Since we began our adventure last fall to engage our community in a new and (hopefully) more meaningful way, I have struggled with a lot of conflicting feelings about the way we do church – both in my own church and in the greater Body. Understand, this is a hard struggle for me. I have been a part of my particular denomination since I was born. I have memories and mementoes from all of the children’s programs, choirs, Bible drills, youth activities – you name it, I did it. I am COMMITTED to my people. In fact, I married a minister and absolutely love denominational happenings (yes, a little strange).
But the things that I have learned the past six or so months have led me to an inescapable conclusion – we are often guilty of being so busy building bigger and supposedly better ministries that we do not see the people right around us who are both spiritually and physically hungry.
Hear me – I am not pointing fingers. I am as guilty as anyone. I have started and led women’s ministries, college groups, music groups, and children’s ministries. I have tried to be innovative, cutting-edge, slicker-than-the-church-down-the-street-so-we-can-draw-more-people.
And you know what I have learned?
I am worn out.
I am tired of competing to be the best. I am tired of competition among churches. I am tired of competing with those in my local body and with others in the greater evangelical world.
The Christian life is not about who attracts the biggest crowd, whose offering is the highest, who has the nicest sanctuary, or who has the best band. It is not about who gets the “star” ministry positions or the choir solos. The Christian life is about following the example that Christ set before us – putting others first and ourselves dead-last; meeting people in their sin and offering them spiritual food; and literally providing for their physical needs.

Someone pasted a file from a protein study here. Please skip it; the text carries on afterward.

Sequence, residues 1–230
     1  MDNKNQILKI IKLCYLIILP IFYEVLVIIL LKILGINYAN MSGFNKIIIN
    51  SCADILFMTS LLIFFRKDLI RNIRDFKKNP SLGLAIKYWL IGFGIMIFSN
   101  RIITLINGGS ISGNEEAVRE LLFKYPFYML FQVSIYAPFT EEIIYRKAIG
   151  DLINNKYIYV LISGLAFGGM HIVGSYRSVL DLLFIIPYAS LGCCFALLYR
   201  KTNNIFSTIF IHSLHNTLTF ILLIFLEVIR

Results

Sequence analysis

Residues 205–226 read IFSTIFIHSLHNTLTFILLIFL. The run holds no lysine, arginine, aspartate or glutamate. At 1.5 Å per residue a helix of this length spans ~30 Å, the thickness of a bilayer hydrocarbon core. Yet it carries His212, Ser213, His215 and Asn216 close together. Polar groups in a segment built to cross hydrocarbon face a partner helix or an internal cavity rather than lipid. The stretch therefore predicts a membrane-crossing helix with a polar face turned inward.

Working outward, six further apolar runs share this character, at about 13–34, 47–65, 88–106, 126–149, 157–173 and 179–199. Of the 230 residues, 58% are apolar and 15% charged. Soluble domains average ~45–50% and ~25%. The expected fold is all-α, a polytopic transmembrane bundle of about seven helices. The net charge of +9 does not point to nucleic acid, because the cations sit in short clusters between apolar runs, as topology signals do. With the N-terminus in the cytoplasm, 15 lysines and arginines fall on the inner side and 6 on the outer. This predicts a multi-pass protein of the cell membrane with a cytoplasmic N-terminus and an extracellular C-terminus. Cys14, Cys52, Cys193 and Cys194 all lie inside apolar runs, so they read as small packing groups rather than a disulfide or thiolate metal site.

It is about being a band of followers who share all things in common, who care about the larger body more than about individual desires. It is about hearing and understanding the differences among our members, and embracing those differences rather than being suspicious of them. It is about caring, loving, serving, sacrificing.
Will I give up working with established church ministries like our choir, VBS, or Sunday School? No. I believe that those groups can fit into God’s design for His Church. But some of them may need to be done differently. We may need to sacrifice some sacred cows so that we can return to God’s mission to give hope to a lost and dying world.
I believe that the established church has a place in God’s Kingdom today, but we may have to give up some things that are near and dear to our hearts so that the Great Commission becomes real again in our lives. But the other thing I have learned on this journey is this – it will be worth it.